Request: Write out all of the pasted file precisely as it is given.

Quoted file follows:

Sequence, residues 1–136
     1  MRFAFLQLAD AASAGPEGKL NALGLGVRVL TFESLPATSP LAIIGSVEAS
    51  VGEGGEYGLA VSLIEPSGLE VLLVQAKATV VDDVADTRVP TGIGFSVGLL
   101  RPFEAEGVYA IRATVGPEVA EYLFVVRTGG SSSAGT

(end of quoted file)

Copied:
Sequence, residues 1–136
     1  MRFAFLQLAD AASAGPEGKL NALGLGVRVL TFESLPATSP LAIIGSVEAS
    51  VGEGGEYGLA VSLIEPSGLE VLLVQAKATV VDDVADTRVP TGIGFSVGLL
   101  RPFEAEGVYA IRATVGPEVA EYLFVVRTGG SSSAGT